Residents in Sooke are concerned about the imminent tax hikes to pay for the new sewer system.
WRATH asks grant program administrator to deny Sooke’s sewer grant application
By Nikki Lewers for the Sooke News Mirror on April 25, 2001
Sooke’s Worried Residents Against Tax Hikes ratepayers’ group has asked the Canada-British Columbia Infrastructure Program to deny the District of Sooke’s application to cost-share in a $24-million sewer project for the community.
WRATH spokesperson George Butcher made the announcement Thursday during a public meeting at the Sooke Community Hall. Approximately 78 people attended the meeting.
The group sent a 20-page brief, accompanied by 40 pages of supporting material to Paul Kluckner, the Environment Canada official who administers the program. The brief was researched and written by Sooke residents, according to a WRATH news release.
According to the report’s executive summary, the review covers a variety of topics including: public opinion is against the proposed project, a flawed process was followed, proposal is contrary to OCP and LAP, the purpose is to promote growth, the need is not there, economic harm to the community, proposal discards existing good systems, no authorization in place, and project information incomplete.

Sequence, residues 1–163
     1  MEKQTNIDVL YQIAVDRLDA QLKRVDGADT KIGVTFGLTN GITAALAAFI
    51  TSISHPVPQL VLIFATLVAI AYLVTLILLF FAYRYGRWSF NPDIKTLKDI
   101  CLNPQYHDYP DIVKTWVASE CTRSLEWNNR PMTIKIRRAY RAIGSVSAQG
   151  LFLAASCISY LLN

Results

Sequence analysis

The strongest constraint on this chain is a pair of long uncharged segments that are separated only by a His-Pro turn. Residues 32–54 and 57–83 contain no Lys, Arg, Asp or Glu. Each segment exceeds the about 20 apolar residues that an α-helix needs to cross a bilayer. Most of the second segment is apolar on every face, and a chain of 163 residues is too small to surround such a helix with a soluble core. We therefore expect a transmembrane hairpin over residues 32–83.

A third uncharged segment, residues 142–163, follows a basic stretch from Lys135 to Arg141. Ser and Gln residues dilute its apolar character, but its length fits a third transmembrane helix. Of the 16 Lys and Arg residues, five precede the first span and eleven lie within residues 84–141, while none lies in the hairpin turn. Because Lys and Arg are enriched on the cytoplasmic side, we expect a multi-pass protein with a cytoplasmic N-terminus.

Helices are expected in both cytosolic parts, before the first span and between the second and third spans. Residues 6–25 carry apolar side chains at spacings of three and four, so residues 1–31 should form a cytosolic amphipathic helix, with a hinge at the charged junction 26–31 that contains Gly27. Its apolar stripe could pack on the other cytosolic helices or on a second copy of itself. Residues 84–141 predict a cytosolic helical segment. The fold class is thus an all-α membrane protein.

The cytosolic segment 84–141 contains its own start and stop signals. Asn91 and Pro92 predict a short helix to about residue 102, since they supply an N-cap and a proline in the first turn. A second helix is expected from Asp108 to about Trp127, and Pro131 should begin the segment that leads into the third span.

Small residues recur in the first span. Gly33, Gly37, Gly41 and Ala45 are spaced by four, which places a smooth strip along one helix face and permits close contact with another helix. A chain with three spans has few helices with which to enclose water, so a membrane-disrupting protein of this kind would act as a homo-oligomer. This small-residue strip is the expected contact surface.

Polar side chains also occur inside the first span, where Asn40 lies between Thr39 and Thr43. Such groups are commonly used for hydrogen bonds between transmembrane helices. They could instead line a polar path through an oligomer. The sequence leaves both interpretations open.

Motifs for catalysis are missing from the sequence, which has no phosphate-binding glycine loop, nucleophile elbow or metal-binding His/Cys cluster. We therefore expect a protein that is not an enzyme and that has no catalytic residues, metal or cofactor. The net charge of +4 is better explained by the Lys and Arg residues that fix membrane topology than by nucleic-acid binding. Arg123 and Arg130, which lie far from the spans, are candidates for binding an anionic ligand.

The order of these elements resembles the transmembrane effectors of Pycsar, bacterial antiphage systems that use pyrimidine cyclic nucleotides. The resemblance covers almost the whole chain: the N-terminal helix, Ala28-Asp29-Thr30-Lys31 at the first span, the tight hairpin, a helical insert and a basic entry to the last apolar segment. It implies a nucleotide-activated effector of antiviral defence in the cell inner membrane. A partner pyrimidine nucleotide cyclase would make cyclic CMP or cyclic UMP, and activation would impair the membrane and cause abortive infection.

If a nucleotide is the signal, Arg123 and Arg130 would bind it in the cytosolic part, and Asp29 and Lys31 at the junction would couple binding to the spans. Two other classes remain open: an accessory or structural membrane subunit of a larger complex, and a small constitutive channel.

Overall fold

Sooke Mayor Ed Macgregor said the group has ignored the technical reports council had commissioned without any real debate. He said nobody has disputed the soil condition report or the fact there is contamination in the harbour and basin. Macgregor noted the Bright report which concluded there was a very high probability that contamination in the harbour and basin was from septage. "His definition of failed was somewhat broader in terms of the fact that if you have poor soil conditions and if you have a system that functions reasonably well at certain times of the year if the soil becomes overloaded you’re going to get migration in the water table down at the harbour and basin anyhow."
As for the consent process, Macgregor said the issue has been addressed. "People who are in the specified area are going to have an opportunity to say yes or no. They’re not going to make those kinds of decisions until they are able to know what the costs are and what the implications are to them individually." Macgregor said residents have had many opportunities to ask questions or provide input on the sewer issue through open houses, council and sewer committee meetings.
WRATH took issue with a statement by Mayor Macgregor in a letter supporting the application, that it had the ‘support of the community’, according to the press release.
But Macgregor questioned Wrath’s support base. "I think it’s really unfortunate that they have taken this action of sending a brief into the infrastructure people as though there was a broad base of support for this type of thing. I don’t think they can demonstrate that at all," Macgregor said. "I think there will be a lot of people in Sooke that will be quite upset about the fact that this group of people were presumptuous enough to speak on their behalf when they haven’t even made any decisions themselves."
WRATH also elected its first slate of directors which includes: George Butcher, George OBriain, John Arnett, Gail Hall, and Judith Burke.